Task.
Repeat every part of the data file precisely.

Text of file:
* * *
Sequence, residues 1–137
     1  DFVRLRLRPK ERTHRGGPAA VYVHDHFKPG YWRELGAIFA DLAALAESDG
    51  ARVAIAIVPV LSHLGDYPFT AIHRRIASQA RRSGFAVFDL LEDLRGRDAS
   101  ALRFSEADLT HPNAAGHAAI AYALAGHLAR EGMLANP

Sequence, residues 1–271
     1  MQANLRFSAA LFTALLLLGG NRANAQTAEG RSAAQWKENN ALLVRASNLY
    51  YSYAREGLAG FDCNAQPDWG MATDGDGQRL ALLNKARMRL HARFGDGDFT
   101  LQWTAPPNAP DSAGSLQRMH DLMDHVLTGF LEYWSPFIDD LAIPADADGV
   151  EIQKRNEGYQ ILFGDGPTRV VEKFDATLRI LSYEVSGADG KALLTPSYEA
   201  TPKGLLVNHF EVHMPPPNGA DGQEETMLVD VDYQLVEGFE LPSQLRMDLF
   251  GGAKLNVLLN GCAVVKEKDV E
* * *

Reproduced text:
Sequence, residues 1–137
     1  DFVRLRLRPK ERTHRGGPAA VYVHDHFKPG YWRELGAIFA DLAALAESDG
    51  ARVAIAIVPV LSHLGDYPFT AIHRRIASQA RRSGFAVFDL LEDLRGRDAS
   101  ALRFSEADLT HPNAAGHAAI AYALAGHLAR EGMLANP

Sequence, residues 1–271
     1  MQANLRFSAA LFTALLLLGG NRANAQTAEG RSAAQWKENN ALLVRASNLY
    51  YSYAREGLAG FDCNAQPDWG MATDGDGQRL ALLNKARMRL HARFGDGDFT
   101  LQWTAPPNAP DSAGSLQRMH DLMDHVLTGF LEYWSPFIDD LAIPADADGV
   151  EIQKRNEGYQ ILFGDGPTRV VEKFDATLRI LSYEVSGADG KALLTPSYEA
   201  TPKGLLVNHF EVHMPPPNGA DGQEETMLVD VDYQLVEGFE LPSQLRMDLF
   251  GGAKLNVLLN GCAVVKEKDV E